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1.
Cell Mol Immunol ; 18(6): 1602-1604, 2021 06.
Article in English | MEDLINE | ID: covidwho-1223085
2.
J Biomed Res ; 35(3): 216-227, 2021 Jan 29.
Article in English | MEDLINE | ID: covidwho-1219565

ABSTRACT

The outbreak of COVID-19 caused by SARS-CoV-2 is spreading worldwide, with the pathogenesis mostly unclear. Both virus and host-derived microRNA (miRNA) play essential roles in the pathology of virus infection. This study aims to uncover the mechanism for SARS-CoV-2 pathogenicity from the perspective of miRNA. We scanned the SARS-CoV-2 genome for putative miRNA genes and miRNA targets and conducted in vivo experiments to validate the virus-encoded miRNAs and their regulatory role on the putative targets. One of such virus-encoded miRNAs, MR147-3p, was overexpressed that resulted in significantly decreased transcript levels of all of the predicted targets in human, i.e., EXOC7, RAD9A, and TFE3 in the virus-infected cells. The analysis showed that the immune response and cytoskeleton organization are two of the most notable biological processes regulated by the infection-modulated miRNAs. Additionally, the genomic mutation of SARS-CoV-2 contributed to the changed miRNA repository and targets, suggesting a possible role of miRNAs in the attenuated phenotype of SARS-CoV-2 during its evolution. This study provided a comprehensive view of the miRNA-involved regulatory system during SARS-CoV-2 infection, indicating possible antiviral therapeutics against SARS-CoV-2 through intervening miRNA regulation.

3.
Signal Transduct Target Ther ; 6(1): 165, 2021 04 24.
Article in English | MEDLINE | ID: covidwho-1199266

ABSTRACT

The global spread of severe acute respiratory syndrome coronavirus 2 (SARS-CoV-2) requires an urgent need to find effective therapeutics for the treatment of coronavirus disease 2019 (COVID-19). In this study, we developed an integrative drug repositioning framework, which fully takes advantage of machine learning and statistical analysis approaches to systematically integrate and mine large-scale knowledge graph, literature and transcriptome data to discover the potential drug candidates against SARS-CoV-2. Our in silico screening followed by wet-lab validation indicated that a poly-ADP-ribose polymerase 1 (PARP1) inhibitor, CVL218, currently in Phase I clinical trial, may be repurposed to treat COVID-19. Our in vitro assays revealed that CVL218 can exhibit effective inhibitory activity against SARS-CoV-2 replication without obvious cytopathic effect. In addition, we showed that CVL218 can interact with the nucleocapsid (N) protein of SARS-CoV-2 and is able to suppress the LPS-induced production of several inflammatory cytokines that are highly relevant to the prevention of immunopathology induced by SARS-CoV-2 infection.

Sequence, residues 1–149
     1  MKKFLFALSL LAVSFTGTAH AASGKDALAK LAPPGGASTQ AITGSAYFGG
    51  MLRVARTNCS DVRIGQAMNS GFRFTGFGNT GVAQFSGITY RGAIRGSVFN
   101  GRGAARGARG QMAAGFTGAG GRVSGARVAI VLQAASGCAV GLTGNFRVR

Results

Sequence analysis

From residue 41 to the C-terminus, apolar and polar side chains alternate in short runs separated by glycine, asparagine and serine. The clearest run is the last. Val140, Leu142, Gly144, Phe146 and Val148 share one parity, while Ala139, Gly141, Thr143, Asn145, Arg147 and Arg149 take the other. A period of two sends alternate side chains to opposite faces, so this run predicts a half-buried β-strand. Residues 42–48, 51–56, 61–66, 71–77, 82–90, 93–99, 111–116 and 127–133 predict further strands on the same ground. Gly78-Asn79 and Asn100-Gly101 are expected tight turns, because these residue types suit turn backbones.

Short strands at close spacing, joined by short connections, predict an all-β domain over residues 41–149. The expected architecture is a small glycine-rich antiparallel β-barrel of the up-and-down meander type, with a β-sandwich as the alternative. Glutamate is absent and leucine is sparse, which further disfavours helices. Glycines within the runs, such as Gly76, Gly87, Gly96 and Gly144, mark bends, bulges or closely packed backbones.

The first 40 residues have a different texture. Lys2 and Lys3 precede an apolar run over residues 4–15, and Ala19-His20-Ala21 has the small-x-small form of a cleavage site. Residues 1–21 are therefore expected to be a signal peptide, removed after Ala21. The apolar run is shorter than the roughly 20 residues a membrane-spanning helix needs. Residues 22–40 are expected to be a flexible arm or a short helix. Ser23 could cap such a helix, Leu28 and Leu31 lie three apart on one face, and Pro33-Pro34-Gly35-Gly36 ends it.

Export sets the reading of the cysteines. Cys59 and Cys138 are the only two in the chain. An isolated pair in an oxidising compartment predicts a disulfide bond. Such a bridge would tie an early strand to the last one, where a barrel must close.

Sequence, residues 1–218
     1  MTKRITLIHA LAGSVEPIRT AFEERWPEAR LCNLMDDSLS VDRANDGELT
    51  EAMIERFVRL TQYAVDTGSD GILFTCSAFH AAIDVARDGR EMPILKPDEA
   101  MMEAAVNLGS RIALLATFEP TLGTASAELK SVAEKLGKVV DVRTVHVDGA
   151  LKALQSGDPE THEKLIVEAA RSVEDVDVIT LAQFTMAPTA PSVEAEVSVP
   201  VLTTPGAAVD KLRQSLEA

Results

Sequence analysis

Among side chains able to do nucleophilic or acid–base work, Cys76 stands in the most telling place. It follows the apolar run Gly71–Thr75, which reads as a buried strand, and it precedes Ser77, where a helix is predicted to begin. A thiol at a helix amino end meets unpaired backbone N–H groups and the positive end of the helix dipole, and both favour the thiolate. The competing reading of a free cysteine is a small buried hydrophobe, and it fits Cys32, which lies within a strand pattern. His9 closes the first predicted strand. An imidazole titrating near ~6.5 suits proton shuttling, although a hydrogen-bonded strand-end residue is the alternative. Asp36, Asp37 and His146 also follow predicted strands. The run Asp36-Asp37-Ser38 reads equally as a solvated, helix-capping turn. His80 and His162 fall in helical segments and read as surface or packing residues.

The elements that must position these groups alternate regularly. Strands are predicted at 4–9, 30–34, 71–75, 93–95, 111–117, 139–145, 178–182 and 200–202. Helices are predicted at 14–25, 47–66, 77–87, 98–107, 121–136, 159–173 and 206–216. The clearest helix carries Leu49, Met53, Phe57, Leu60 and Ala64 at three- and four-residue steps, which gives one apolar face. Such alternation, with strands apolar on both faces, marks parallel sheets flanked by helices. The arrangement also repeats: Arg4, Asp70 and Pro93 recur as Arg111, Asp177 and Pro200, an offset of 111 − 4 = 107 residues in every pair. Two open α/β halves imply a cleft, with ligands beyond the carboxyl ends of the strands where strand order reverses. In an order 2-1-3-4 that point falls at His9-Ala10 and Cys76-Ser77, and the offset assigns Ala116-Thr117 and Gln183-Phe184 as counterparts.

Subject(s)
Antiviral Agents/therapeutic use , COVID-19/drug therapy , COVID-19/metabolism , Computer Simulation , Drug Repositioning , Models, Biological , SARS-CoV-2/metabolism , Humans
5.
J Virol ; 95(4)2021 01 28.
Article in English | MEDLINE | ID: covidwho-1054610

ABSTRACT

Among seven coronaviruses that infect humans, three (severe acute respiratory syndrome coronavirus [SARS-CoV], Middle East respiratory syndrome coronavirus [MERS-CoV], and the newly identified severe acute respiratory syndrome coronavirus 2 [SARS-CoV-2]) are associated with a severe, life-threatening respiratory infection and multiorgan failure. We previously proposed that the cationically modified chitosan N-(2-hydroxypropyl)-3-trimethylammonium chitosan chloride (HTCC) is a potent inhibitor of human coronavirus NL63 (HCoV-NL63). Next, we demonstrated the broad-spectrum antiviral activity of the compound, as it inhibited all low-pathogenicity human coronaviruses (HCoV-NL63, HCoV-229E, HCoV-OC43, and HCoV-HKU1). Here, using in vitro and ex vivo models of human airway epithelia, we show that HTCC effectively blocks MERS-CoV and SARS-CoV-2 infection. We also confirmed the mechanism of action for these two viruses, showing that the polymer blocks the virus entry into the host cell by interaction with the S protein.IMPORTANCE The beginning of 2020 brought us information about the novel coronavirus emerging in China. Rapid research resulted in the characterization of the pathogen, which appeared to be a member of the SARS-like cluster, commonly seen in bats. Despite the global and local efforts, the virus escaped the health care measures and rapidly spread in China and later globally, officially causing a pandemic and global crisis in March 2020. At present, different scenarios are being written to contain the virus, but the development of novel anticoronavirals for all highly pathogenic coronaviruses remains the major challenge. Here, we describe the antiviral activity of an HTCC compound, previously developed by us, which may be used as a potential inhibitor of currently circulating highly pathogenic coronaviruses-SARS-CoV-2 and MERS-CoV.